Age isn't just a number: New research shows song sparrows are affected by climate change differently depending on age
New research at the University of California, Davis, and Point Blue Conservation Science shows that song sparrows experience climate change differently at various ages.
Two studies show the importance of considering the various stages and ages of individuals in a species to best predict not only how climate change could affect a species as a whole, but also why.
"To learn how climate change is expected to affect an individual population, you have to look at demography," said lead author Kristen Dybala, a postdoctoral scholar in the UC Davis Department of Wildlife, Fish and Conservation Biology. "If you don't break it down by these different stages, you get a different understanding that may be misleading, or worse, that's just wrong."
In a study published today in the journal Global Change Biology, climate change had opposite projected effects for adult and juvenile song sparrows in central coastal California. While it is evident that adult survival is sensitive to cold winter weather, warmer, drier winters mean less food for juvenile sparrows during the following summer.
"Before they can get to winter, the juveniles have to survive their first summer, when they're sensitive to how much food is available," said Dybala. "So as winters get warmer, we expect adults and juveniles to respond in opposite directions."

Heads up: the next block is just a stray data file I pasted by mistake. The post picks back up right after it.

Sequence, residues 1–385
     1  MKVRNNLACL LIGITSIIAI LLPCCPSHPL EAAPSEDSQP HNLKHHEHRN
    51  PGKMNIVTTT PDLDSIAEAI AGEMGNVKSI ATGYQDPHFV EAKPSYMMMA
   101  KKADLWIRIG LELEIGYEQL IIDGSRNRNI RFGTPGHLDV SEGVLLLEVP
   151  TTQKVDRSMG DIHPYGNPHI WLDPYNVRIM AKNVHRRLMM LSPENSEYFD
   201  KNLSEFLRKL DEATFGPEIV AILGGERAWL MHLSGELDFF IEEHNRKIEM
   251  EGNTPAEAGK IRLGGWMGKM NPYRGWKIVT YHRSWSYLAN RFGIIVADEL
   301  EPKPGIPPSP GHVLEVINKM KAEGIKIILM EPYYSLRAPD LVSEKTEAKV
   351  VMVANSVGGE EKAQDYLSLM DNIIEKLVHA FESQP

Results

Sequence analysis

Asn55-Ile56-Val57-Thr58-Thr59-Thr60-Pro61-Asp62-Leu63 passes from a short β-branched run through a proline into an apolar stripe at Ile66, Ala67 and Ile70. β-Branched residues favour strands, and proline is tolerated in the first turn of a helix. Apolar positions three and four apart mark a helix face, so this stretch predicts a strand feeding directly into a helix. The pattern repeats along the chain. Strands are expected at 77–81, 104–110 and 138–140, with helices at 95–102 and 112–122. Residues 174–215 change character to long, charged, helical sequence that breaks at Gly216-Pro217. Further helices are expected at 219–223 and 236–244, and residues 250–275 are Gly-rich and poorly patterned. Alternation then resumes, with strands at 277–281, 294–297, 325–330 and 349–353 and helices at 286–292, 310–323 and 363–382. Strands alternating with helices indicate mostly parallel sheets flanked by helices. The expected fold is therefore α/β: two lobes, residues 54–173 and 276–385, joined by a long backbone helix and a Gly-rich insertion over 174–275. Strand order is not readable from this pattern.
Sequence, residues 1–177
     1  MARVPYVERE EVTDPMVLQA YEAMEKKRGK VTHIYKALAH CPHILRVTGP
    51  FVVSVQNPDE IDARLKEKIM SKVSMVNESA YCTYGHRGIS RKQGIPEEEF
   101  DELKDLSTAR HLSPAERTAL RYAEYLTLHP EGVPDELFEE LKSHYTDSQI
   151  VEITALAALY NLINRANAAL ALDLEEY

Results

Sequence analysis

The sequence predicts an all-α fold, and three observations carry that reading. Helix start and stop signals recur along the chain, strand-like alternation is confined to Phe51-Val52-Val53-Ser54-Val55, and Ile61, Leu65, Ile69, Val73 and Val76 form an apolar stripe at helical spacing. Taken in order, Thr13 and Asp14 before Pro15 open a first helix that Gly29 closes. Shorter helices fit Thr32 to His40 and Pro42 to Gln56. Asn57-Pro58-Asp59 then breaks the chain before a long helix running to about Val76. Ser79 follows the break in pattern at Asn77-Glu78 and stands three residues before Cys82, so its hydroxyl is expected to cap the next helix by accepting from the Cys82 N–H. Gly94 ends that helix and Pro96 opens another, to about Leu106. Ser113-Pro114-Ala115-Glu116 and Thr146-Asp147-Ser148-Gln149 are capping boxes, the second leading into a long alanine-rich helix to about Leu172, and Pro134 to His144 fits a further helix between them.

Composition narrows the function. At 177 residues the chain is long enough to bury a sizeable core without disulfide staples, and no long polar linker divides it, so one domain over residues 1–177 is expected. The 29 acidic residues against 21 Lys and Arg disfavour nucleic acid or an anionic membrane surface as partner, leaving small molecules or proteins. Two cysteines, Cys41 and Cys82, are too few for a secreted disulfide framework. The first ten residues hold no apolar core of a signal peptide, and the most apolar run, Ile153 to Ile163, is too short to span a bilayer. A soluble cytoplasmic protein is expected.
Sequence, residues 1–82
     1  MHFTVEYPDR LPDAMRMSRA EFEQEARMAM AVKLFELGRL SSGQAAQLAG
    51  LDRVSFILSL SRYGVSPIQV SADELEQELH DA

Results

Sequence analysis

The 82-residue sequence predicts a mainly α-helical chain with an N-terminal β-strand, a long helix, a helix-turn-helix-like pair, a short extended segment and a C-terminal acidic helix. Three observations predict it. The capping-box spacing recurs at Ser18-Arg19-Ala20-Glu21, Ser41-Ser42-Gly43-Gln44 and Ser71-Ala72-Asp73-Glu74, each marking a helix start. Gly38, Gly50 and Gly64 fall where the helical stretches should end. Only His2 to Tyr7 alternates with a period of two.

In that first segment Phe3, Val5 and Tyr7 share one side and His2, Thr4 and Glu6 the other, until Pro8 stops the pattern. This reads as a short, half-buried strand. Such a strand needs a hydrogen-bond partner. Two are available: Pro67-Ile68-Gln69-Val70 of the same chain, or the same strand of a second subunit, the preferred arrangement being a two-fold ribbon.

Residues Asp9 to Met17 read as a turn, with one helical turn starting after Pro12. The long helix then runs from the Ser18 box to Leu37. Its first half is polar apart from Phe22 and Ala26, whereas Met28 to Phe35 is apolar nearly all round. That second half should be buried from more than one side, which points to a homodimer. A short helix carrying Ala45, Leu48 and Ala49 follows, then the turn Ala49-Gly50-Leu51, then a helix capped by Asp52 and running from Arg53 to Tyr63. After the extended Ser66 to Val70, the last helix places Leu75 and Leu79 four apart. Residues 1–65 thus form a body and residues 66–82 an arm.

In another recent study of song sparrows published in the journal Ecology, lead author Dybala found that parents provided a buffer against the weather for baby sparrows still dependent on them for food. However, independent juveniles that were newly out on their own were more sensitive to changes in the weather because they lacked the skills and experience of their parents.
While that vulnerability has existed for as long as offspring have been leaving the nest, climate change is expected to exacerbate those already uncertain conditions, Dybala said. This sort of variation in juvenile survival can significantly impact a species' population growth.
The scientists said that this research could be used to inform climate change adaptation plans, help prioritize future research, identify where limited conservation resources could be best spent and help soften the impacts of climate change for individual species.
Read more at the University of California, Davis.
Song sparrow image via Shutterstock.